Loch Tay Crannog, Perthshire
Kenmore Loch Tay, Aberfeldy
Crannogs are fortified man made or modified natural islands built on the edges of Scottish Lochs, dating back to the same period as the stone Broch's and Dun's. Due to their wooden construction the actual dwellings have all long vanished, but the artificial islands that provided their primary defence can be found in many Scottish lochs. In Perthshire alone there are 24 crannogs, with the reconstructed Loch Tay Crannog being the only one that provides us with a glimpse of what these Iran Age fortifications once looked like.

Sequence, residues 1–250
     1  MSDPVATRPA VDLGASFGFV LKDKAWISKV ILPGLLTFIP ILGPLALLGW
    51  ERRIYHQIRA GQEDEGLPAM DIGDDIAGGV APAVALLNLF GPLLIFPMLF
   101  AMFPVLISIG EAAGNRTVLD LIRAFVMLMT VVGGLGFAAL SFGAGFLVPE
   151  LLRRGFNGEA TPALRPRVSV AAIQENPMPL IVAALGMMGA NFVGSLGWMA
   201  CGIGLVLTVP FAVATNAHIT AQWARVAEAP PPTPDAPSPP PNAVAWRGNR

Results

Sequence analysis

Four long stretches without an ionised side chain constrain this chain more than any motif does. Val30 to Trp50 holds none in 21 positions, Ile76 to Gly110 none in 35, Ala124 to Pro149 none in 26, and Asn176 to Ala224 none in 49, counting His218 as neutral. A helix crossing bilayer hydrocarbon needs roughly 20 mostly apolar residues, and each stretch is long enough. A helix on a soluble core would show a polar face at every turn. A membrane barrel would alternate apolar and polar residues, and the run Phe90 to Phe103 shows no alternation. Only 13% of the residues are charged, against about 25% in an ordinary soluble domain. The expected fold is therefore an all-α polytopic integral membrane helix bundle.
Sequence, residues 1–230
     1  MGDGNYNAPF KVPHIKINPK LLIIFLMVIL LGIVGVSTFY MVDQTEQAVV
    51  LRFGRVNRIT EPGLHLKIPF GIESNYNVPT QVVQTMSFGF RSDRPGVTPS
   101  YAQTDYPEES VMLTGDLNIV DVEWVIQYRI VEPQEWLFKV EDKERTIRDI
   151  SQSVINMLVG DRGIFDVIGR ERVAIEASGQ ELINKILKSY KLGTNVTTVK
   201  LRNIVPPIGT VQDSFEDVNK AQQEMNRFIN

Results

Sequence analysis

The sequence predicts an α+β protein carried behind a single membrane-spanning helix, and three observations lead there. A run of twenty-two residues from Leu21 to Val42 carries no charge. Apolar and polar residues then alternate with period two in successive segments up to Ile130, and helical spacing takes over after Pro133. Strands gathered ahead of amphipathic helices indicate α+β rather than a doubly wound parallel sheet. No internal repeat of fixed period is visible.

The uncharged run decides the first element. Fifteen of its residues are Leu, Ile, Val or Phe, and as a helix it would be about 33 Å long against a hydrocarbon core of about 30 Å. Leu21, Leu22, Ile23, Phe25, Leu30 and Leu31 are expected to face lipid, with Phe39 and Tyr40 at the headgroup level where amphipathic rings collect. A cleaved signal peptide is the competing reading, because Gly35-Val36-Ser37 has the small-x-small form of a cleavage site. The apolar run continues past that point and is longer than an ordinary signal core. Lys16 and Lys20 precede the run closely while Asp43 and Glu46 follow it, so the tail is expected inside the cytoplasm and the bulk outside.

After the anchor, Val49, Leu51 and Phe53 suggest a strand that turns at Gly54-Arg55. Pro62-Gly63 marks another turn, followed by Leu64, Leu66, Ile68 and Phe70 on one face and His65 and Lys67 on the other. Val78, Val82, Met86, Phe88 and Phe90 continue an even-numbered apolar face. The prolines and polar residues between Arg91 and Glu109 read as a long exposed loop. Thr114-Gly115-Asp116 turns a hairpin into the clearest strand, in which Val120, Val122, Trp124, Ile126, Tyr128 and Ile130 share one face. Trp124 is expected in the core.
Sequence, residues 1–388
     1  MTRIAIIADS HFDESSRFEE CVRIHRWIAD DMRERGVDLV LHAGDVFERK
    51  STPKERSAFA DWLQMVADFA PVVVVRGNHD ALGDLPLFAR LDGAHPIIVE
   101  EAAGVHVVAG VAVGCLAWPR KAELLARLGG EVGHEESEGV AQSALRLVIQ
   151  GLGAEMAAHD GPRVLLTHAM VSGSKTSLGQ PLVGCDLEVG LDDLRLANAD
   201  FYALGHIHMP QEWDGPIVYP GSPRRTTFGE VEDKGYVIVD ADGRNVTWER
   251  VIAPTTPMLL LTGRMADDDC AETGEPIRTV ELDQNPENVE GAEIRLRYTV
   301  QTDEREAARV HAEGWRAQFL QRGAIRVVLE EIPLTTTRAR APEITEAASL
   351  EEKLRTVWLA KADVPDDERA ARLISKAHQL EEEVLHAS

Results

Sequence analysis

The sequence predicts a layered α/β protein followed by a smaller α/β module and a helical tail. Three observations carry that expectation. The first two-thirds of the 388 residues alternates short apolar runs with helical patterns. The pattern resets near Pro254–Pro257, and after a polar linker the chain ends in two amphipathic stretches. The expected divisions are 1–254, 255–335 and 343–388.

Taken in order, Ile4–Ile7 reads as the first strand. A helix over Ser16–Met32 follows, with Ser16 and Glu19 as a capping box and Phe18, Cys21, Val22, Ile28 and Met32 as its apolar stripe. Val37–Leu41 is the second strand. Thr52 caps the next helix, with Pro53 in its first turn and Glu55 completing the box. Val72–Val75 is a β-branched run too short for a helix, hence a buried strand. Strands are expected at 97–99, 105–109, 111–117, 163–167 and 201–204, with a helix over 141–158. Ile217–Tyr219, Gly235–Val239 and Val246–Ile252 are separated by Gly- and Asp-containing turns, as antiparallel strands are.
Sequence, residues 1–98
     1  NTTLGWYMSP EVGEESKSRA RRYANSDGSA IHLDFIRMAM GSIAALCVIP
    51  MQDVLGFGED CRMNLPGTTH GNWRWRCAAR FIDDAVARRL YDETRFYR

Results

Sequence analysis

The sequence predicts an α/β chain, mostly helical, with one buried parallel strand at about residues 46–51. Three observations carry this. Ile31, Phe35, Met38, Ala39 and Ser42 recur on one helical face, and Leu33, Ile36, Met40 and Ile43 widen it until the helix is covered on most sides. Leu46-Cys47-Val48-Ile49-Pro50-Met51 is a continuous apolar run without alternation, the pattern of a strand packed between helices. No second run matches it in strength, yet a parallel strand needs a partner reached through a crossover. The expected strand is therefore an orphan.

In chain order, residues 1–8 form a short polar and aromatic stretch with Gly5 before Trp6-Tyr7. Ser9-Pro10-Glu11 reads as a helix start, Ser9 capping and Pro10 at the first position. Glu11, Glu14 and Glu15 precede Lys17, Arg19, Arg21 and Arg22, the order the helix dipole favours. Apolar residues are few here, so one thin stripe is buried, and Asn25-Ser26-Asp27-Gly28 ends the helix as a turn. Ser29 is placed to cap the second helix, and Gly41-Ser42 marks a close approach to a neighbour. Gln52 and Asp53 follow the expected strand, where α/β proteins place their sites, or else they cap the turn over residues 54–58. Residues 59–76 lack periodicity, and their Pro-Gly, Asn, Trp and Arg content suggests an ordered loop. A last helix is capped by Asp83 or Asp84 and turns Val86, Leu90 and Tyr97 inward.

I thought long and hard whether to include crannogs alongside the stone Broch's and Dun's that were the castles or tower houses of their day, but given their defensive roles, the difference is one of wooden construction like so many hillforts, rather than stone that still survives today for us to explore their ruins.
There are 13 submerged crannogs in Loch Tay, 8 of which are totally submerged all year round, whilst 5 can just be made out above the surface of the loch during the summer months. These date back to between 600-400 years BC. Some of these ancient, abandoned fortifications were reoccupied during the turbulent Dark Ages. Later during Medieval times many of these crannog islands had stone castle built upon them.
The reconstructed Crannog on Loch Tay is a fascinating place to visit where they really do bring to what life was like in and around the lochs of Iron Age Scotland 2,500 years ago.
An absolute mist visit place to include on your travels when visiting Perthshire.